Earlier this year, at the Schomburg Center for Research in Black Culture in New York, I was able to read through many of the annual editions of The Green Book. I started by looking for locations in Tallahassee, Florida’s state capitol, only 20 miles away from the small village near where I grew up. I found a couple of hotels described as friendly to black travellers that had appeared in various editions of the guide. Later, I would discover that author James Baldwin (a personal hero) and musician Ray Charles had stayed at these hotels. Much to my surprise, the buildings (or parts of them) still stand at their original locations in the black section of Tallahassee, although they are now being used for totally different purposes.

At the bus station in Durham North Carolina. Photo: Library of Congress

My curiosity piqued, I embarked on a journey through the South to learn more about The Green Book and what it reveals about life in the pre-Civil Rights era. I started my travels in Tallahassee, where I interviewed people who knew a lot about the two local hotels that had once welcomed black motorists. I drove through Montgomery, Alabama; Selma, Alabama; Jackson, Mississippi; and Memphis, Tennessee, concluding my journey in St. Louis, Missouri.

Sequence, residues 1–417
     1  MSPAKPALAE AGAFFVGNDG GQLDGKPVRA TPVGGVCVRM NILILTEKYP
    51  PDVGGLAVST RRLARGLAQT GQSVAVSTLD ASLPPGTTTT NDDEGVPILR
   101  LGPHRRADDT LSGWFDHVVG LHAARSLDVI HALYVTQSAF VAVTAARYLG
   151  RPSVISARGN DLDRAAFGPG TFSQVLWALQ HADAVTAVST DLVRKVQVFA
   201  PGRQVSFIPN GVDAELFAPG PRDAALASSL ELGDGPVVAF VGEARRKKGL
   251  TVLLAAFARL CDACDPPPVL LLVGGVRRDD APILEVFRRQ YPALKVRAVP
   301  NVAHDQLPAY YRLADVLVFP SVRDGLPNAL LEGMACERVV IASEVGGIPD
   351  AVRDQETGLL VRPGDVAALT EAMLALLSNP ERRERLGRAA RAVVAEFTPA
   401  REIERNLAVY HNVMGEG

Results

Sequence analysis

During the Jim Crow era, black families generally took their own food with them while traveling, since they couldn't count on finding a restaurant or store where their business would be welcome. Everyone I interviewed told stories of mothers and grandmothers spending much of the day before a trip getting food ready – boiled eggs, fried chicken, corn bread (made without milk) and tea cakes (made with cane syrup or molasses)–packed neatly in shoeboxes lined with tin foil (the local name for aluminum foil) or wax paper. Coolers filled with ice were stocked with water, RC Crown Cola, Nehi Sodas, and other local brands of soft drinks.